It is one thing to read about the different projects, but it is amazing to be in one room with so many people with such great ideas and passion to work on their area. I do hope that we will have opportunities to work jointly some other UnLtd awardees!
28 January, 2008
As part of a research project with UnLtd, the foundation for social entrepreneurs, I’m co-organising a session in the RGS-IBG Annual International Conference, 27-29 August 2008, on the geographicla aspects of social enterprise research. The detailed call is:
Social enterprise and social entrepreneurship have grown in quantity and strength in the last decade in the UK. Positioned within ‘Third Sector’ social enterprises are characterised by their business-like approach to social action and have grown in the UK under New Labour. The relevance of social enterprise to Geography has previously been by-passed by particular discourses that debate the political-economic and socio-economic nature of non-state, non-commercial organisations – namely volunteer or non-profit organisations. This work helps to define and map the landscape of the Third sector but is yet to give adequate attention to organisations and individuals who use their entrepreneurial ideas to deliver social change while aiming to be financially sustainable.
There is a need for more social and cultural geographers to examine the nature and emergence of social enterprise/entrepreneurship in the UK. Whilst some work has explored the interrelationships between people, place and volunteering (Milligan, 2007), work on social enterprise/entrepreneurship in this field is scarce. Social entrepreneurs identify social need at the local, national and global scales; generate interest from a variety of social, cultural, economic and political spheres; and create tangible/intangible social impacts on individuals, communities, and cultures through their encounters with people, environment and place.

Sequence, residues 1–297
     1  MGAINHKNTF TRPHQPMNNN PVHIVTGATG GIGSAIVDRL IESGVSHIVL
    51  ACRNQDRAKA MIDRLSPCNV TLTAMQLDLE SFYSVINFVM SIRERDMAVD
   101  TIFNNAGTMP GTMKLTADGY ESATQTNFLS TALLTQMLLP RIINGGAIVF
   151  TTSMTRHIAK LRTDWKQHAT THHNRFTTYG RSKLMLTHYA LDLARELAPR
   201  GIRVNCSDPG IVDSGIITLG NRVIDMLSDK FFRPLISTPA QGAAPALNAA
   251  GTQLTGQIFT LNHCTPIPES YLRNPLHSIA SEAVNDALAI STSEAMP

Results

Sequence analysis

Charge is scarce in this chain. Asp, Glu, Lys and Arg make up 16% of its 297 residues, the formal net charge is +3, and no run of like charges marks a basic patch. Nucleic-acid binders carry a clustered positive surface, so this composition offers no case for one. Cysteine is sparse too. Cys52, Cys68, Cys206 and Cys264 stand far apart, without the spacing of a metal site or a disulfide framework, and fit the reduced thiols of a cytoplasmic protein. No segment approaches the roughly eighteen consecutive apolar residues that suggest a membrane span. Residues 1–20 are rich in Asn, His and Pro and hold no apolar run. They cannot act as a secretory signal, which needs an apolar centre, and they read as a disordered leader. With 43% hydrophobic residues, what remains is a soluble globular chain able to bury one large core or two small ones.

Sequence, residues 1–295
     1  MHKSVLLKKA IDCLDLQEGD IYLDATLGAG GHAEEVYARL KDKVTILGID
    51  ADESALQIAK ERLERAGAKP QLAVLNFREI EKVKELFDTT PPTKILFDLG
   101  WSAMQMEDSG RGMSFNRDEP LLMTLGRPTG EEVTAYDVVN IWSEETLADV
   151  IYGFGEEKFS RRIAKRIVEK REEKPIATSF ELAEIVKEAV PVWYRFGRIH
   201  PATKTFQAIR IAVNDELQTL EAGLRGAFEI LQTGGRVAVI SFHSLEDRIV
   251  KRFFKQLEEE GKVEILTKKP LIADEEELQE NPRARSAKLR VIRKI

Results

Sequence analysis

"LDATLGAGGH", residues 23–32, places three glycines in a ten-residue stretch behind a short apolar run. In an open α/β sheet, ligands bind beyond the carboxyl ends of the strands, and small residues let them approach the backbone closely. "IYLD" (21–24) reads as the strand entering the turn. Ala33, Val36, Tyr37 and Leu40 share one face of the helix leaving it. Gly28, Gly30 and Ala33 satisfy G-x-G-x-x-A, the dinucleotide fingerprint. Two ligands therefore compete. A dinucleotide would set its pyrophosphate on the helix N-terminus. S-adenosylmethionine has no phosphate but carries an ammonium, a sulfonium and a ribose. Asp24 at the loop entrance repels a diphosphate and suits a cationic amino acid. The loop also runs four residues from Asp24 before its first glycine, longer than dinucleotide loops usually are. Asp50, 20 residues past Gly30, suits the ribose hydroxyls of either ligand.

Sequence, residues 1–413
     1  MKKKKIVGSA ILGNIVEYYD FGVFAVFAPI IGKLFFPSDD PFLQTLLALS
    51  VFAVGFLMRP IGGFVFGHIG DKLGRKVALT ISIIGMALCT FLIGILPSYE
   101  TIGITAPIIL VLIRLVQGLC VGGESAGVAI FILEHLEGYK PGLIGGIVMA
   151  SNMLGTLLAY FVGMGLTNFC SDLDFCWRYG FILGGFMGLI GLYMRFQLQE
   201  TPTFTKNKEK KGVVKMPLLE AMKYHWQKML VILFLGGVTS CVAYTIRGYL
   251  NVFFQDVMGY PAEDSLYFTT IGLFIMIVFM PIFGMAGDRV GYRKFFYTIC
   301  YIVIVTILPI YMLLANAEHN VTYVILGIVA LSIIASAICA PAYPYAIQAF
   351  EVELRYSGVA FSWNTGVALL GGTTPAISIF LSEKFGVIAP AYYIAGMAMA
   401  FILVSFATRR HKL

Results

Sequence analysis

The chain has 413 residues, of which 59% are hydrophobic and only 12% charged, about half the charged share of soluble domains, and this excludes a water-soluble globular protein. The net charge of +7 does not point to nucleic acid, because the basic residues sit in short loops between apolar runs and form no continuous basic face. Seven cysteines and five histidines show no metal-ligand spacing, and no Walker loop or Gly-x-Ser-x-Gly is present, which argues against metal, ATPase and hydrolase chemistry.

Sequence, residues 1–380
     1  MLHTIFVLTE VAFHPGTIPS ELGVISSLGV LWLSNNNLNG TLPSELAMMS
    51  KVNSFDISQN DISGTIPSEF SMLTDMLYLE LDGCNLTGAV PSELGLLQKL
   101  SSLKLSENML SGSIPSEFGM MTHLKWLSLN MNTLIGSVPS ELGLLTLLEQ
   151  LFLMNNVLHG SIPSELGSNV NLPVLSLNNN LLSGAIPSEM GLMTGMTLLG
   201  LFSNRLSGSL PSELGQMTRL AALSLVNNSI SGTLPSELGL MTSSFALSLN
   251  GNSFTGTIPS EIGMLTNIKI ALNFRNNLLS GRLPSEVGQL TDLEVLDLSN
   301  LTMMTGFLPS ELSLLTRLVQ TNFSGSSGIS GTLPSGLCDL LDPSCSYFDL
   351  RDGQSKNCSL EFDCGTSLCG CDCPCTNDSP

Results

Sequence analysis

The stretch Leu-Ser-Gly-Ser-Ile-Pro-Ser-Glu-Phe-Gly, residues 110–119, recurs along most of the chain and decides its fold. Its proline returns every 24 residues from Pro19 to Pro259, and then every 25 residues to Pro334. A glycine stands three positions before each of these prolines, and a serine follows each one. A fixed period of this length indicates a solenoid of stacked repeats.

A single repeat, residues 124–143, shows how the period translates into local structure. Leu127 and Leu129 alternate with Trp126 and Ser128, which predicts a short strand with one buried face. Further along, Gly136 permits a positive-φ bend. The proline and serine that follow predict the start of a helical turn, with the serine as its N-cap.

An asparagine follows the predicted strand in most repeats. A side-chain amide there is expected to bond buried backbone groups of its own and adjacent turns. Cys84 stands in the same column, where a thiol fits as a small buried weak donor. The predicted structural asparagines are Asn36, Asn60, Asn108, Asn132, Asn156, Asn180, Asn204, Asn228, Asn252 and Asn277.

For social and cultural geography, social entrepreneurs not only present the opportunity to revive long-standing debates over agency, community, citizenship, space and place but also to make contributions to recent work on mobility, diasporic geographies, geographies of enchantment and especially to rethink the links between modes of economic activity and the creation of social goods.
This session aims to move current debates in geography, e.g. within geographies of volunteerism, forward by looking at individuals as drivers of social change from a new perspective. This is also pertinent given that social entrepreneurship/enterprise is fast becoming the major force of change in UK society. This session stems from a collaborative research between UCL and a leading supporter of social entrepreneurs (UnLtd), and we want to create a forum for debate about the emergence of and contribution to be made by geographies of social enterprise.
We invite proposals from geographers to present papers on:
- Geographical patterns of social entrepreneurial activities
- The role of Social Enterprise, Voluntarism and Charities in shaping places
- The concepts of space within the third sector, and how its geometry changes as result of social enterprise
- The merits and demerits of mapping social impact
- The relevance of non-spatial mapping to better understand social entrepreneurial activity.
Deadline for title and abstracts (c. 200 words): 10 February 2008
This session is part of two planned sessions about Social Enterprise. The second one is a closed session organise by Dr. Sarah-Anne Munoz, which will focus on Social Enterprise, Social Theory and Geographies of Empowerment.